Oooh, wow – can you feel the weight being pushed back onto our shoulders?  Everybody still wants to blame union contracts.  (Read Amy Traub’s excellent 2010 column “Your Mailman Didn’t Make the Economy Collapse” here.)

Check the facts, look a little deeper, and… wow!  There’s the real truth.  As recently as June 30, 2008, Detroit’s retirement systems were fully funded.  Well, technically, the general retirement system was only 99% funded – but the Group II Police/Fire system had a 10% surplus.

Let’s see if we can remember that far back… what was going on in 2008?!?

Oh, yeah.  Wall Street meltdown.  During the second major recession of George W. Bush’s presidency.   (Did you forget about his first recession?  It started in March 2001… and he tried to cure it with tax cuts.  But nobody paid much attention to the economy after 9/11.)

Here’s a look at the numbers, which I’ve taken straight from the Detroit retirement systems’ annual reports (available at http://www.rscd.org/annual.htm and http://www.pfrsdetroit.org/annual-report.aspx).

Detroit_assetsWhoa!  Take a look at those fund balance dips, after the recessions of 2001 and 2008.  Notice that they’re not very sharp.  That’s because retirement fund actuaries use an accounting technique called “smoothing” when they value assets.  When there is a sharp drop in values, the actuaries amortize that change over a period of several years.  (They do the same thing here at the NH Retirement System.)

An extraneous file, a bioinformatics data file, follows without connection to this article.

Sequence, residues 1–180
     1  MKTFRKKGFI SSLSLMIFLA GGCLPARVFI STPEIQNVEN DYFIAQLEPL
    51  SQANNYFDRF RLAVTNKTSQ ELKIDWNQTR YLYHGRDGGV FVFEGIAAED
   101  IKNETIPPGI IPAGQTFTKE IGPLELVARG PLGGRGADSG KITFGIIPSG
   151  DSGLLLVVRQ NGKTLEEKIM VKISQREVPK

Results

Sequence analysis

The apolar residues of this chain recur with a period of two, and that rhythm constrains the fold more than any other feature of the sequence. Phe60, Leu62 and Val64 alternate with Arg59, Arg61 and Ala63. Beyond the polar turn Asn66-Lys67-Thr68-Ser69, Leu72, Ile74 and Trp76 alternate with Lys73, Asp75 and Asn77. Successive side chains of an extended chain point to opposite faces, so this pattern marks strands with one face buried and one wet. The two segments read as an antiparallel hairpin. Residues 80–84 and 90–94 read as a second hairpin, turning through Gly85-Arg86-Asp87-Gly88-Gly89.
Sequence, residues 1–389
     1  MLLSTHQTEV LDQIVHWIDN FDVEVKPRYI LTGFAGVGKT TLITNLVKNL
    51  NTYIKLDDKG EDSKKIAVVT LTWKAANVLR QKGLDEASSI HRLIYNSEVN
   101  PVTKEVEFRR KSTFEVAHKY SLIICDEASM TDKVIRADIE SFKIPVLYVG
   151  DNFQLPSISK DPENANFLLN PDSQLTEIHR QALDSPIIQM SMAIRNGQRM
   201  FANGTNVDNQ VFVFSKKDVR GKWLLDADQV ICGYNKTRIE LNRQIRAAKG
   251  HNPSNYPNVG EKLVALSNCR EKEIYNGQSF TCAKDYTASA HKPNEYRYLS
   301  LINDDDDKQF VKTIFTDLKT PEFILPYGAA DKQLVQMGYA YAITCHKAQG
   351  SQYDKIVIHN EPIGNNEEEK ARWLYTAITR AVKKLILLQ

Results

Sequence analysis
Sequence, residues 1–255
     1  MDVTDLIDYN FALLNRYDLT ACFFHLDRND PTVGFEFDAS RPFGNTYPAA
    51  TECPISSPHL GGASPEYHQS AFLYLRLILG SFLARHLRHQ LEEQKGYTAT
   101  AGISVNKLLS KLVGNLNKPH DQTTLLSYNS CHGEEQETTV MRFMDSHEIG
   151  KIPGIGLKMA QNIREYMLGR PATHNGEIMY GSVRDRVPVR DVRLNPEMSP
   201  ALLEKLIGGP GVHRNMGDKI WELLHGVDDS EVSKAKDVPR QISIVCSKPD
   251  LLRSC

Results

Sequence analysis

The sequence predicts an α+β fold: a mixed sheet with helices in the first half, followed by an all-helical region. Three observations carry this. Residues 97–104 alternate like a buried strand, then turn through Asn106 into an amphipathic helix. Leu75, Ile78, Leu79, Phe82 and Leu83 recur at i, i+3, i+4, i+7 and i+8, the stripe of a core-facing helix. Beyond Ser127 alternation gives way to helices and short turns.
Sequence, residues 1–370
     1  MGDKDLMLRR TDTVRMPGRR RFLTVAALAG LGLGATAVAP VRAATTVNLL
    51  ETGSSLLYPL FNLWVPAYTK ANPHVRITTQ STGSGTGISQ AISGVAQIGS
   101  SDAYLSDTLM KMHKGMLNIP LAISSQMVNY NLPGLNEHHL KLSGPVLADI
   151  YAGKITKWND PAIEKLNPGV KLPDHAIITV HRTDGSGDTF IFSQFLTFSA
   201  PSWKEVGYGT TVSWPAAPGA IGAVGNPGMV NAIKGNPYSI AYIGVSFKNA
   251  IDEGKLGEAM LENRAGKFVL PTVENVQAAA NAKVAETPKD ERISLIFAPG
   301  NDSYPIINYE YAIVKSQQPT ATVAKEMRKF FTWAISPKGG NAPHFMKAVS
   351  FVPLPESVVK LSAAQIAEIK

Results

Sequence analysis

So you don’t see the full impact of the 2001 recession until 2004.

Now,let’s try to figure out just how “broke” the Detroit retirement systems really are.

Detroit_ratio Again, you need to pay attention to the actuaries’ math, here.  The funding ratio depends on how the actuaries calculate future liabilities.  And – at least recently – the actuarial assumptions they’ve used have been wildly unrealistic.  “Significant actuarial assumptions used include … projected salary increases of 4.0 percent per year, additional salary increases of [up to] 4.9 percent per year based on merit and/or longevity, and cost-of-living adjustments of 2.25 percent per year.”

Now, let’s look at what actually happened: for instance, last July, Detroit’s police unions took a 10% pay cut.

Gotta wonder how that funding ratio would look if the actuaries had figured future liabilities using that 10% pay cut, rather than all those imagined increases.

Yeah, actuaries can calculate numbers any way they want.

And politicians and pundits can keep spouting the “truth” as they imagine it, rather than how it actually is.  These days, they can win over all sorts of audiences, by blaming unions.  It’s a lot easier to blame unions than Wall Street.

Truth is, we saw the effects of the stock market crash here in New Hampshire, just like they did in Detroit.

As recently as 1999, the New Hampshire Retirement System was more than 100% funded.  But then the Trust Fund lost 10% of its value in the recession of 2001. 

It lost another 25% of its value in the 2008 recession.  In June 2007, before the Wall Street meltdown, the NH Retirement System had $5.9 billion in investments, including

•             $29.7 million of stock in Citigroup, Inc.
•             $23.5 million of stock in American International Group, Inc. (AIG)
•             $14.0 million of bonds issued by Federal Home Loan Mortgage Corp. (Freddie Mac)
•             $13 million of bonds issued by Federal National Mortgage Association (Fannie Mae)

Two years later, when the recession was in full force,